• Luke T.C.
      • Casadevall A.
      • Watowich S.J.
      • Hoffman S.L.
      • Beigel J.H.
      • Burgess T.H.
      Hark back: passive immunotherapy for influenza and other serious infections.
      ,
      • Marano G.
      • Vaglio S.
      • Pupella S.
      • Facco G.
      • Catalano L.
      • Liumbruno G.M.
      • et al.
      Convalescent plasma: new evidence for an old therapeutic tool?.
      ,
      • Mair-Jenkins J.
      • Saavedra-Campos M.
      • Baillie J.K.
      • Cleary P.
      • Khaw F.-M.
      • Lim W.S.
      • et al.
      The effectiveness of convalescent plasma and hyperimmune immunoglobulin for the treatment of severe acute respiratory infections of viral etiology: a systematic review and exploratory meta-analysis.
      ]. Humoral immune response by targeting the immunodominant SARS-CoV-2 Spike (S) protein seems to be highly correlated with virus neutralization through hampering the interaction between S protein and the virus receptor, angiotensin converting enzyme 2 (AEC2) [
      • Zost S.J.
      • Gilchuk P.
      • Case J.B.
      • Binshtein E.
      • Chen R.E.
      • Reidy J.X.
      • et al.
      Potently neutralizing human antibodies that block SARS-CoV-2 receptor binding and protect animals.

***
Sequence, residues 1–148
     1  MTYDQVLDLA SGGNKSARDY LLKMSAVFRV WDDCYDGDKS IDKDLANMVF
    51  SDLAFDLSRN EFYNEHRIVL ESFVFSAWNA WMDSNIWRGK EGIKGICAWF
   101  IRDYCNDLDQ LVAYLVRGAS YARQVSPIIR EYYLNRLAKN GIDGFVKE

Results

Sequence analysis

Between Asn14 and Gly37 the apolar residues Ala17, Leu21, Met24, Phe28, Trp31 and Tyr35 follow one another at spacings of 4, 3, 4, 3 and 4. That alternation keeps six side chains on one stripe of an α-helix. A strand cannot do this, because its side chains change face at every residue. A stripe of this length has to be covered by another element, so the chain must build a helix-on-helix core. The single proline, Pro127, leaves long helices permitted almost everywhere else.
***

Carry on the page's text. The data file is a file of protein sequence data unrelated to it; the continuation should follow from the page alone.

]. It has been shown that transfusion of COVID-19 convalescent plasma containing these neutralizing antibodies (nAbs) to patients affected with COVID-19 could effectively reduce viral load in the patients’ body [
      • Li L.
      • Zhang W.
      • Hu Y.
      • Tong X.
      • Zheng S.
      • Yang J.
      • et al.
      Effect of convalescent plasma therapy on time to clinical improvement in patients with severe and life-threatening COVID-19: a randomized clinical trial.
      ]. Convalescent plasma therapy will be successful if plasma be donated by recovered people from COVID-19 who have high concentrations of neutralizing antibodies, without the risk of virus transmission via transfusion to the recipient [
      • Liu S.T.
      • Lin H.-M.
      • Baine I.
      • Wajnberg A.
      • Gumprecht J.P.
      • Rahman F.
      • et al.
      Convalescent plasma treatment of severe COVID-19: a propensity score–matched control study.
      ]. Hence, identifying factors associated with the production of anti-SARS-CoV-2 antibodies affects the success rate of convalescent plasma therapy [
      • The Lancet Haematology
      The resurgence of convalescent plasma therapy.
      ]. In this regard, this study aimed to find out how SARS-CoV-2 IgG antibodies are influenced by demographic and clinical characteristics of donors such as age, sex, ABO/Rh blood group, disease severity, ethnicity and the place of residence in terms of virus load. This study could provide a roadmap for selecting individuals possibly with high levels of anti-SARS-CoV-2 IgG antibodies as preferred donors for CCP donation.

      2. Materials and methods

      A prospective cohort study incorporating a total of 11,949 COVID-19 Convalescent Plasma (CCP) donors in the cohort.

      2.1 Donors of convalescent plasma

      Iranian Blood Transfusion Organization (IBTO) encouraged Iranian general population via public dissemination channels, including traditional or social media, to donate CCP from May to December 2020. CCP donors were identified as allogeneic and they were considered healthy if a physician examined their clinical history and confirmed so at the time of referral. Inclusion criteria for the CCP donation were considered to be: